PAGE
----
MIDDLETON PLACE – Just down the road from Magnolia, you will find remnants of history at Middleton Plantation where over 110 acres of vibrant colorful gardens and a velvety green perfectly manicured lawn blend together in an enchanting liaison overlooking the Ashley River. A horse carriage ride with a professional tour guide will leave you feeling well informed about life from 300 years ago to the present. A modern Inn along the Ashley River will bring you back to nature with floor to ceiling windows allowing you to disconnect, if even for a short time, from the hustle of city and work life. Visit the stable yards where you will find goats, sheep, hogs, cattle and horses. Enjoy Lowcountry fare at the Middleton Place Restaurant nestled among trees and azaleas with a captivating view of the Mill Pond. It’s quite romantic, has an excellent wine list, and the food is pure comfort.
DRAYTON HALL PLATANTION – Located to the right of Magnolia Plantation, Drayton Hall is the only plantation house on the Ashley River still standing and quite miraculously intact after a beating from the Revolutionary and Civil wars. The kitchen and laundry house were destroyed by natural disasters, but the grounds hold a palpable feeling of plantation life within them. You won’t find slave cabins on the grounds as they were destroyed as well, but if you tour the home, you will learn that the indigo and rice cultivators owned 78 slaves all of which, at one point or another, shared 13 cabins. The house is vacant and has no furniture, but if you think that may make for a boring visit, think again. It is one of the most interesting plantation tours I have taken. The tour guides do a fabulous job conveying a day in the life of plantation workers and owners alike. They also talk about architecture and relay both fun and gory facts about Charleston’s historical past, some of which will warm your heart while others might make your skin crawl. The plantation does have a membership which can prove cost effective if you plan to return or live in Charleston and want to entertain visitors. The funds go toward preservation and you will receive a lovely host of gifts in return for you contribution.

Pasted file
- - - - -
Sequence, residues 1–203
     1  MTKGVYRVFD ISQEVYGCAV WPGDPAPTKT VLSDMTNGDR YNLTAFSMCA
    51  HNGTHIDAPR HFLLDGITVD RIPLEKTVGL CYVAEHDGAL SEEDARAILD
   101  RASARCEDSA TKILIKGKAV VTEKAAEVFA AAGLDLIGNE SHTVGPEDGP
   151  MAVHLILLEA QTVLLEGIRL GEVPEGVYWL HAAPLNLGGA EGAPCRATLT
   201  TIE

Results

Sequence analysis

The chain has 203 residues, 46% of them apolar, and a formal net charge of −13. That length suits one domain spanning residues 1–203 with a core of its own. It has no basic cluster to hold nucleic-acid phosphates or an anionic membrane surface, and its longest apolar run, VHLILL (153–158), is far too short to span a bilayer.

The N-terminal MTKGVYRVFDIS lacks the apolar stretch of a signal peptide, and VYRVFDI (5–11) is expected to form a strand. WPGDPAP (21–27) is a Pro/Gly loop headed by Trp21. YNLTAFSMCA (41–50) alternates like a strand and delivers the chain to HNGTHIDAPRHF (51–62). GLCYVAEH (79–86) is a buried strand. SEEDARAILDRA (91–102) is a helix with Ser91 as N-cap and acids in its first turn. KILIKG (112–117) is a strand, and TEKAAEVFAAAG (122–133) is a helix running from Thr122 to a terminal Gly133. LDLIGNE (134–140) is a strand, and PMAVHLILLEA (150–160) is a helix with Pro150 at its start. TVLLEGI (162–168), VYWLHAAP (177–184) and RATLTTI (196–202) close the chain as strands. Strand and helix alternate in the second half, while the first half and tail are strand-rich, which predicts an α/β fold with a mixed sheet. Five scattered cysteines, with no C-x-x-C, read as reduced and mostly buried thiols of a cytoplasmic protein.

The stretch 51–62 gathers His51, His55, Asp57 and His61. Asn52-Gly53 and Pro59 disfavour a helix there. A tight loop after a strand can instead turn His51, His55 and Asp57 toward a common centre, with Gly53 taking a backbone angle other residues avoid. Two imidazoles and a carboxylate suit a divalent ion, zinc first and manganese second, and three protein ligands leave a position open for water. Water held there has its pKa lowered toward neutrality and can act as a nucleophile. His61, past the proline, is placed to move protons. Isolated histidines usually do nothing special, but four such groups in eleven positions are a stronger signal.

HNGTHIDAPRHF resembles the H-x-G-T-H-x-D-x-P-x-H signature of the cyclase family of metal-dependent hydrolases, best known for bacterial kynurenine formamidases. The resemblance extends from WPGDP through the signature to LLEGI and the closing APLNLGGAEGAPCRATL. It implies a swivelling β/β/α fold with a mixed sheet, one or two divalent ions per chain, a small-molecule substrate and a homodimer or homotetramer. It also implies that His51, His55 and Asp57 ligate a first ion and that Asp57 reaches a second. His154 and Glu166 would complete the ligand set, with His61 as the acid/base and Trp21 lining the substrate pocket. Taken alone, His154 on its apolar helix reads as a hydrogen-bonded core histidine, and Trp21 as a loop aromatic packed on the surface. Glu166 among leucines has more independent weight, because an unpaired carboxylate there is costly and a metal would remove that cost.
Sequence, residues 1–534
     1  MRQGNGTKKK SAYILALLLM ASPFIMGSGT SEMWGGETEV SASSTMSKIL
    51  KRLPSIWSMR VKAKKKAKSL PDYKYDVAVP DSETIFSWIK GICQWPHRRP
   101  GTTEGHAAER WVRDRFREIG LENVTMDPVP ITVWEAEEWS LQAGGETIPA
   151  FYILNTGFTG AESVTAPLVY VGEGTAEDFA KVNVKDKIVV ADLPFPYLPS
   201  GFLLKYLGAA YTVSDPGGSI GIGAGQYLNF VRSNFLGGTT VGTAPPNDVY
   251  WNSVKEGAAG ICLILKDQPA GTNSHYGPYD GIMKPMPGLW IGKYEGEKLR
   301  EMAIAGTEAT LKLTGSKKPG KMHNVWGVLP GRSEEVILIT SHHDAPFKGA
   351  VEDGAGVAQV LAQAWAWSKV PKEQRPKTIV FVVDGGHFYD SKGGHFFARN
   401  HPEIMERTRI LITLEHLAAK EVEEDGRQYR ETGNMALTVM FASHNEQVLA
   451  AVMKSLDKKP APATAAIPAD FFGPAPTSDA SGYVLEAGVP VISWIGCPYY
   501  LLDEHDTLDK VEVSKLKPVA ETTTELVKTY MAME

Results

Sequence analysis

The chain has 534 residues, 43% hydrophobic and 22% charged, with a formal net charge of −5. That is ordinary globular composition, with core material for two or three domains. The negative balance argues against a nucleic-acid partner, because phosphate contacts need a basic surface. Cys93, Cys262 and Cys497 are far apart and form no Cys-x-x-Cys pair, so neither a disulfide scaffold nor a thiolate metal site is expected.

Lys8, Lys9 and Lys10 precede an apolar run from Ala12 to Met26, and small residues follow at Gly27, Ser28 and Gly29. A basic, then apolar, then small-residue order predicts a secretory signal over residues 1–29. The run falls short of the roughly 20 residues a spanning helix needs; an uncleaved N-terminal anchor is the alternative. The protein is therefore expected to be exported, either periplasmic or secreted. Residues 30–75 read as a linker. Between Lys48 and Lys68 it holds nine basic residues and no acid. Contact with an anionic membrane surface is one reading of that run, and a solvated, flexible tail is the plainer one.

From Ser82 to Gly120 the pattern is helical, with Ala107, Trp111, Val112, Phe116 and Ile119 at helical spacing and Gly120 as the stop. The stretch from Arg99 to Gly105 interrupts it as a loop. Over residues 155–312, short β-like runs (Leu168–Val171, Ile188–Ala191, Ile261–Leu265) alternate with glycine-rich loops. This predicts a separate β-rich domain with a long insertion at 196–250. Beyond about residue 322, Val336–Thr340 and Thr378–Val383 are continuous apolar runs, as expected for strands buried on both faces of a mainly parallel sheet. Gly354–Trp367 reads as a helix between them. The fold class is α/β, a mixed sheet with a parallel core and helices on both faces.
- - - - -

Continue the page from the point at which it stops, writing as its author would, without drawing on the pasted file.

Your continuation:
There are other plantations in the area, some that are used for weddings and private events like Lowndes Grove Plantation near the Citadel. A live oak tree laced waterfront property prime for stunning bridal photos and a picturesque setting perfect for an outdoor gathering. McLeod Plantation rests just over the bridge past Earthfare and the Country Club subdivision on the James Island side. This plantation is perfect for history buffs and school trips as carefully articulated stories of life before and after slavery affected life in the South. The Charleston Tea Plantation located in Wadmalaw just past Johns Island is another lovely place to visit if you’re into tea. They have plenty of it and will gladly share with you how it’s made via both a bumpy but darling trolley tour through the tea fields and a close up look at how the tea is processed.
If you would like to know about other plantations that once thrived in the Charleston area, you can do so right here.